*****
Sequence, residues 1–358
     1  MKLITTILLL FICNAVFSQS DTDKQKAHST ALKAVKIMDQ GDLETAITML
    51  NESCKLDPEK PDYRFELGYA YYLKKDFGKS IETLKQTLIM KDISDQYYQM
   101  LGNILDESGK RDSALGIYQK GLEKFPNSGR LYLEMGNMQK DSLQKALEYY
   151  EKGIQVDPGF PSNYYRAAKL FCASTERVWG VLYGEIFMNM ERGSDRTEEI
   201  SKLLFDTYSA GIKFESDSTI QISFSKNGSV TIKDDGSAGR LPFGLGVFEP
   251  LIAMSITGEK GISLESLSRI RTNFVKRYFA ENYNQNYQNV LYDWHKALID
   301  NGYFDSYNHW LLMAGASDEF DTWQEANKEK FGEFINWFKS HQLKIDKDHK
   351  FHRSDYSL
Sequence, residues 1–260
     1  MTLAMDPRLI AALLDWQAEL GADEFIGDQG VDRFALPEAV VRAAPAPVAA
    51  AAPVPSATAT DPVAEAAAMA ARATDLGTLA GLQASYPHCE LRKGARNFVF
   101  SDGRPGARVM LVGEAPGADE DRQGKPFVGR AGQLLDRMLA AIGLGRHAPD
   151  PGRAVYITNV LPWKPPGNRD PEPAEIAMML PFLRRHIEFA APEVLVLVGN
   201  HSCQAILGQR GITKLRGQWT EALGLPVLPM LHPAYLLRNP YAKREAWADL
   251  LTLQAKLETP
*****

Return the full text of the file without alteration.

Sequence, residues 1–358
     1  MKLITTILLL FICNAVFSQS DTDKQKAHST ALKAVKIMDQ GDLETAITML
    51  NESCKLDPEK PDYRFELGYA YYLKKDFGKS IETLKQTLIM KDISDQYYQM
   101  LGNILDESGK RDSALGIYQK GLEKFPNSGR LYLEMGNMQK DSLQKALEYY
   151  EKGIQVDPGF PSNYYRAAKL FCASTERVWG VLYGEIFMNM ERGSDRTEEI
   201  SKLLFDTYSA GIKFESDSTI QISFSKNGSV TIKDDGSAGR LPFGLGVFEP
   251  LIAMSITGEK GISLESLSRI RTNFVKRYFA ENYNQNYQNV LYDWHKALID
   301  NGYFDSYNHW LLMAGASDEF DTWQEANKEK FGEFINWFKS HQLKIDKDHK
   351  FHRSDYSL
Sequence, residues 1–260
     1  MTLAMDPRLI AALLDWQAEL GADEFIGDQG VDRFALPEAV VRAAPAPVAA
    51  AAPVPSATAT DPVAEAAAMA ARATDLGTLA GLQASYPHCE LRKGARNFVF
   101  SDGRPGARVM LVGEAPGADE DRQGKPFVGR AGQLLDRMLA AIGLGRHAPD
   151  PGRAVYITNV LPWKPPGNRD PEPAEIAMML PFLRRHIEFA APEVLVLVGN
   201  HSCQAILGQR GITKLRGQWT EALGLPVLPM LHPAYLLRNP YAKREAWADL
   251  LTLQAKLETP